People are busier than ever today, and they want quality food, fast. And Proper Food wants to be the go-to (er, to-go) option for consumers who don’t want to settle for standing in a long line or grabbing a bite that’s been sitting in plastic for days.
The brand, which launched in San Francisco in 2014 and has expanded to 10 locations—including one in New York City that just opened this fall—offers grab-and-go fare that is made daily before being packaged and sold from refrigerated shelves. Co-CEO Dana Bloom remarks that constraint drives creativity in grab and go; that may explain how Proper Food has come up with menu items like Pulpo Ensalada with wild fresh octopus, a Portobello Sandwich, Salmon Teriyaki Hot Plate, Coconut Prawn & Kale Salad, and a Proper PB&J.
Bloom explains why high-quality grab-and-go food is perfect for today’s on-the-go society.
How would you describe Proper Food?
Proper Food was developed as an answer to the dilemma between eating well and eating fast. It’s a high-quality grab-and-go concept where all of the food is prepared from scratch each morning, then sold conveniently in our stores. It’s food you wouldn’t typically expect at grab and go.
How did Proper Food start?
Howard Bloom, my co-CEO and my husband, and I had always had a passion for food and for entrepreneurship. We were working as business executives in downtown San Francisco and found ourselves every lunch hour waiting in line for something that disappointed. Having lived in Europe—where there are more high-quality grab-and-go options—we felt like there shouldn’t be such a trade-off between fast and quality.
We were lucky early on to find our executive chef, Juan Muñoz, who came from a Michelin-starred kitchen, as well as fine dining, organic fast casual, and high-volume catering. He has a real passion for making fine-dining-quality food more accessible to more people, so he really helped to bring Proper Food to life and elevate the menu beyond what we initially thought was possible.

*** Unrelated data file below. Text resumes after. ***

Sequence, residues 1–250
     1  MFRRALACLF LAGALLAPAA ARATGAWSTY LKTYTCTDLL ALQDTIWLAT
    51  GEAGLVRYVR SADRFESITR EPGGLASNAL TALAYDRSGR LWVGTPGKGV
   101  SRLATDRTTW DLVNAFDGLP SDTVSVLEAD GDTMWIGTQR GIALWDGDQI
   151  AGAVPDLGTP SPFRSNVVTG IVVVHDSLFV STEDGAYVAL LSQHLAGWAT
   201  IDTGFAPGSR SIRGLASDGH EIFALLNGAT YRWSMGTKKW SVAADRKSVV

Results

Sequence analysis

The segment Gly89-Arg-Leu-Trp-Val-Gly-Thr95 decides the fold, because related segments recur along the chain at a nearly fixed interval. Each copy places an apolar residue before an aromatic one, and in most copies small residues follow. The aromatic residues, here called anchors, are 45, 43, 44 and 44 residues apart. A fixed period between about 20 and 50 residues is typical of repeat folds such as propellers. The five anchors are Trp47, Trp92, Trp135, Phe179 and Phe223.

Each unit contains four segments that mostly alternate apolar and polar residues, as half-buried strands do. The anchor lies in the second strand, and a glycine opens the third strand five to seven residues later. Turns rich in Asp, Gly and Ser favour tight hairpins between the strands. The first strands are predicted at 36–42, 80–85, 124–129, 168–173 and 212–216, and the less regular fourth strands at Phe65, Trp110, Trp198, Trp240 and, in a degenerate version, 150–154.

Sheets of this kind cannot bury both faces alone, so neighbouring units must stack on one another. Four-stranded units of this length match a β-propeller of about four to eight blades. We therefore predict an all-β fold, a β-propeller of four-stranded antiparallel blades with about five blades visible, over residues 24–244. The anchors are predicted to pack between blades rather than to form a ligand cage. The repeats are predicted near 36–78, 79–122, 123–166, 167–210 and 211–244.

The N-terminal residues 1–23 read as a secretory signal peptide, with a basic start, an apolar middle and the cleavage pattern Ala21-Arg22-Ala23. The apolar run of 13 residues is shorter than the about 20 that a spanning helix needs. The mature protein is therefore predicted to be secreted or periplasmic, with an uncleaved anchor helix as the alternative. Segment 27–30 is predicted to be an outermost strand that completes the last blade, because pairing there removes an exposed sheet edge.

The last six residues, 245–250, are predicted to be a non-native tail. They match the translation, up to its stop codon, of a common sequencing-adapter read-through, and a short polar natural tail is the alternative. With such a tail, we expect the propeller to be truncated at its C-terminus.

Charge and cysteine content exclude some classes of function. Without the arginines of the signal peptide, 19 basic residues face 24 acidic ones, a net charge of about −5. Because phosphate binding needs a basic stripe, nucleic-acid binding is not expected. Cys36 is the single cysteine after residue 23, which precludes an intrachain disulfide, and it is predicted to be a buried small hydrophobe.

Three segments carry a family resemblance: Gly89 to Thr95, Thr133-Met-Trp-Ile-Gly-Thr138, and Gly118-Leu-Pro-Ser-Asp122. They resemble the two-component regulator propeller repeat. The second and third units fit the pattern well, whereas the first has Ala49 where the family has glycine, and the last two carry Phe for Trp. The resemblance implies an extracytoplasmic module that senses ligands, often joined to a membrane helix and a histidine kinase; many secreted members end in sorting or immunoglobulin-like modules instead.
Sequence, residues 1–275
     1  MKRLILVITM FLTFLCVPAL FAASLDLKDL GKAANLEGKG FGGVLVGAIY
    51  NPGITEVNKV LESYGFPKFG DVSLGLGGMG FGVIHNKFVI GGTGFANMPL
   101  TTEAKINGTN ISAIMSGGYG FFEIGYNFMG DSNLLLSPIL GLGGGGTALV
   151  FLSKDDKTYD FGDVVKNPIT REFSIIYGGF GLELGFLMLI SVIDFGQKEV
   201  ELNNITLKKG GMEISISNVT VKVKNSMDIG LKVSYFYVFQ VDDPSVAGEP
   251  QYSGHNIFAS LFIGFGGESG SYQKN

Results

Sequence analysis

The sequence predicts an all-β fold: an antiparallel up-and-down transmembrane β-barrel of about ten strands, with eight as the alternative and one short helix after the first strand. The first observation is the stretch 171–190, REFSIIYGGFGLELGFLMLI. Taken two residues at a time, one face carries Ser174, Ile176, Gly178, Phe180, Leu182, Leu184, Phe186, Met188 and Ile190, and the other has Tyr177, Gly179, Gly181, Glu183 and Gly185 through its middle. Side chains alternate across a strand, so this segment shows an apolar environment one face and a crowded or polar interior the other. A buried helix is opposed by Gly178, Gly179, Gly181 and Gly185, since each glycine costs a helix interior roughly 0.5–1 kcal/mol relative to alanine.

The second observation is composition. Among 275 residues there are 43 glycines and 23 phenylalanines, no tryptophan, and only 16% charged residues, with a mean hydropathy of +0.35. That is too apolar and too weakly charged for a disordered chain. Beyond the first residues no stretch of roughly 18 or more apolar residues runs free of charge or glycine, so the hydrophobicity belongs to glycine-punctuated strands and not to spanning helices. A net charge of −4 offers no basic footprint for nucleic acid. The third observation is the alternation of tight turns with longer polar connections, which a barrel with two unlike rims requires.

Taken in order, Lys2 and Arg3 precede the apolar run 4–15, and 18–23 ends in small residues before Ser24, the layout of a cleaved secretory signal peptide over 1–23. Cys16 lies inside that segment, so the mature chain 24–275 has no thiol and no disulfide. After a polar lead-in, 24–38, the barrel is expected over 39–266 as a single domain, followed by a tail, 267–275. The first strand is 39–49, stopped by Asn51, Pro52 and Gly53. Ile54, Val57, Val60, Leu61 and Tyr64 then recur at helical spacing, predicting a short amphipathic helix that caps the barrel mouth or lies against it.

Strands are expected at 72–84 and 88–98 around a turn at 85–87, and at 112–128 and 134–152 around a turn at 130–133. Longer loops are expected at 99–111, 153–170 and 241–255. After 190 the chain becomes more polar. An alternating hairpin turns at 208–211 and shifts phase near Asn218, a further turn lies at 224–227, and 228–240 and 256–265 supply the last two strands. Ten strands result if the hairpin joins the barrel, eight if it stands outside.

How does it work?
In our stores, we have refrigerated shelves. Everything’s in there. We have TurboChefs in our stores—a mix between a convection oven and microwave—that are able to heat things in a way that they stay crispy on the outside. Some of our locations are still not open for dinner. In New York, we are open for dinner. Sometimes we see people grab a couple things at lunch, and one’s for lunch and one’s for dinner.
One thing that differentiates Proper Food from other concepts is that we are very chef-driven—the antithesis of the Chipotle model where you’re designing your own meal.
How does menu development differ with grab and go?
We’re very thoughtful. Right from the start you have to think about—in terms of ingredients, cooking methods, everything you put together—what’s really going to hold up throughout a day. We’re also quite adventurous. We do things that you wouldn’t normally see in grab and go. It’s been a lot of experimentation over time, but at this point, Chef Muñoz has an incredibly good instinct for it.
What trends are you seeing in grab and go today?
Overall, people are more demanding than ever. Consumers are more food-savvy, both in recognizing great quality and in wanting ingredients that are non-GMO, organic, and grown sustainably. And there has never been a higher demand for convenience, both because of how hectic life has gotten and because of the Amazon effect and people used to getting things more readily.
What else sets Proper Food apart from the competition?
We care about our ingredients, and we care for our employees, our customers, and also our community. We are really proud of the fact that since we make our food each day, we have, to date, donated over a quarter of a million [leftover] meals to feed the homeless.
Our mission is to change the way people eat on the go. We’re very excited about giving people quality that’s beyond what they expect and doing it in a way that is sustainable. Our food is sustainably sourced and scratch-made. We make every aioli, every sauce, every jam, every peanut butter. We like to say ours is in a package, but it is very different from packaged food.